Activision-Blizzard’s diversity and inclusion goals are out of sync with its corporate action

Not a great sign.

Activision-Blizzard has released a full-year review of its diversity, equity, and inclusion stats for 2022 this week, and the first thing readers will notice is that the data aren’t notably different from the data released a quarter ago, which included all but December from the year 2022. The key addition is further breakdown by race, where previously the company lumped non-white ethnicities together in their own “under-represented ethnic groups” chart. At the time, we noted that Activision-Blizzard had also begun splitting out nonbinary workers and had hired 1100 additional QA testers (in part to counter unionization efforts) that likely helped its numbers, which saw a slight increase in women and minority hires.

In the new report, the company has also begun submitting its retention by gender and race, which will likely make next year’s report more messy, as 2023 is just three months in and is already riddled with reports of ABK’s unionbusting, return-to-office ultimata, and forced-quitting/quiet-layoff waves that typically disproportionately affect women, ethnic minorities, LGBTQ+ folks, and the disabled.

As we’ve noted, the jobs that Blizzard executives have characterized as low-skilled, transient roles – the ones ABK told people to quit if they didn’t want to do them in an office – are again the ones most likely to include the very groups Activision-Blizzard claims it’s trying to recruit and retain to bolster its representation. We also note that ABK does not post representation data for management and executive roles; in 2021, Activision-Blizzard admitted that “numbers vary wildly” between its business units, and of course Blizzard specifically lost its highest-ranking female exec when Jen Oneal blasted the company for tokenizing, harassing, and underpaying her.

ABK Chief Diversity, Equity, and Inclusion Officer Kristen Hines fleshes out the blog with 2500 words devoted to what she asserts is the company’s culture of inclusion, chronicling use of preferred pronouns, roundtables, mentorships, and diverse recruiting. She also talks up diverse representation, anti-toxicity efforts, and accessibility in ABK’s games.

“As we look ahead to the rest of 2023, we’ll continue to evolve our work to positively impact employees’ lived experiences (i.e., how their lives and well-being are impacted by their experience at work),” she writes. “We’ll also continue to embed DE&I practices into every part of Activision, Blizzard, and King. For our people, this means continued focus on education, engagement, mentorship, and leadership development. For our business, we will continue to grow our inclusive game design capabilities and plan initiatives to encourage supplier diversity. In our community, we will grow our presence and build meaningful collaborations to encourage DE&I values across the gaming industry. Our focus for the year ahead is building connections across all that we do. When people feel connected to themselves, their work, the organization, and each other, it brings a sense of purpose and belonging – and that’s our ultimate goal.”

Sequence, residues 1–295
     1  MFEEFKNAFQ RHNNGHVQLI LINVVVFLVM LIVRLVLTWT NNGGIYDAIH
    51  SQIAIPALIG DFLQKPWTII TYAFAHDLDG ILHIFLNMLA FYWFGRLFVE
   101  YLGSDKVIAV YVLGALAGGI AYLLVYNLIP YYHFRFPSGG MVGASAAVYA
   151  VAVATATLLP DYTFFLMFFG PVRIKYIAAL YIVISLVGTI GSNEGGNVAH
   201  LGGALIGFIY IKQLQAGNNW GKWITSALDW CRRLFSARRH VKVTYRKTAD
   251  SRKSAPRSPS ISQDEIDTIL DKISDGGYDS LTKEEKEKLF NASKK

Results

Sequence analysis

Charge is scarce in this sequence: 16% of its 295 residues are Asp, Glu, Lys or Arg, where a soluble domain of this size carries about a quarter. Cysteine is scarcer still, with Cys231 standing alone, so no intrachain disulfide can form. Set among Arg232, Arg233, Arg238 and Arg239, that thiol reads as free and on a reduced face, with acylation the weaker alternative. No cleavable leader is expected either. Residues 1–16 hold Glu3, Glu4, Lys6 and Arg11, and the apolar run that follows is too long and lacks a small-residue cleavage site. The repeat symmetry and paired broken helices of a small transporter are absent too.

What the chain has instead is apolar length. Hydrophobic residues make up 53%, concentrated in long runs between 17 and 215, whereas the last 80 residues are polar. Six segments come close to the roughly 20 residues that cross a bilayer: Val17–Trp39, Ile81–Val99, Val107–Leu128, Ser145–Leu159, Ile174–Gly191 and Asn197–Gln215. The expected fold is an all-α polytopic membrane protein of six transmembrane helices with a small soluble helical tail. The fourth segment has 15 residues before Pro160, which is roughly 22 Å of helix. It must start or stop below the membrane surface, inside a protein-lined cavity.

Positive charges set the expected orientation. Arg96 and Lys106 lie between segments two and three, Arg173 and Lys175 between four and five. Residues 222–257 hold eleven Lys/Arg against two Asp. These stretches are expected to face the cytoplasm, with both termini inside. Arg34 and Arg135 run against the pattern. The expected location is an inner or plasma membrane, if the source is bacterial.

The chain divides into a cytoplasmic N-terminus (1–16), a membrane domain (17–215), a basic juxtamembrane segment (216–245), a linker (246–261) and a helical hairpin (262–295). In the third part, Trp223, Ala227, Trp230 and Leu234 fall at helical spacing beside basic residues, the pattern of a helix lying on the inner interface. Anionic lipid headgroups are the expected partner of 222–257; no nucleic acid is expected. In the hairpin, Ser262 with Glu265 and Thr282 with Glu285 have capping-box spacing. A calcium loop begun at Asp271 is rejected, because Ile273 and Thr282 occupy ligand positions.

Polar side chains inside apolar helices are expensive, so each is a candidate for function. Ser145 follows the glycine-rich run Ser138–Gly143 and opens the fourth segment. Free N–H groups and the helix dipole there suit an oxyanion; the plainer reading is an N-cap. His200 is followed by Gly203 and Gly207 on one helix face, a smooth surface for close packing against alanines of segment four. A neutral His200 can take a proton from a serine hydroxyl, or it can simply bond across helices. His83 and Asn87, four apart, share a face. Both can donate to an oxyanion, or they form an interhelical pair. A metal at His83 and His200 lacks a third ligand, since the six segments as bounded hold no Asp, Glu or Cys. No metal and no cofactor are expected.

These are noble missions, but they’re also vague, and the company is very publicly not backing them up consistently on the ground. We once again note here that Activision-Blizzard is currently helmed by a man who admitted to threatening to have his female assistant murdered (on a recorded voice mail, no less), and in 2023 we’ve already seen multiple fresh scandals since the discrimination lawsuits that prompted Hines’ hire and all these flowery, feel-good reports.

Just in the last two months, union organizers filed charges against Activision-Blizzard for retaliating against workers who complained about abrupt changes in work-from-home policies; WoW Classic team lead Brian Birmingham was fired for refusing to lie about employee performance and deploy toxic stack ranking against coworkers; and of course, Blizzard’s Mike Ybarra demoralized the studio by slashing worker profit-sharing bonuses, bizarrely insisting executives weren’t making more money than workers, insulting QA workers, and telling workers to quit if they preferred to work from home. In case you thought Ybarra was a single loose cannon, Blizzard representatives backed up Ybarra’s bluster, saying it stood by his words and was “proud of [his] leadership in tough moments.”

It’s difficult to argue that the studios are focusing on “positively impact[ing] employees’ lived experiences” and helping workers “feel connected to themselves, their work, the organization, and each other” under these real-world circumstances. In other words, it’s clear Hines’ high-minded ambitions aren’t actually reflected in the reality of Activision-Blizzard and the rest of its leadership suite at the present, and all the pie charts and roundtables in the world won’t change that.

Source: ABK. Cheers, Wilhelm.
Activision-Blizzard is considered a controversial gaming company owing to a long string of scandals over the last few years, including the Blitzchung boycott, mass layoffs, labor disputes, and executive pay fiasco. In 2021, the company was sued by California for fostering a work environment rife with sexual harassment and discrimination, the disastrous corporate response to which compounded Blizzard’s ongoing pipeline issues and the widespread perception that its online games are in decline. Multiple state and federal agencies are investigating the company as employees unionize and call for Bobby Kotick’s resignation. As of 2023, the company is being acquired by no less than Microsoft.
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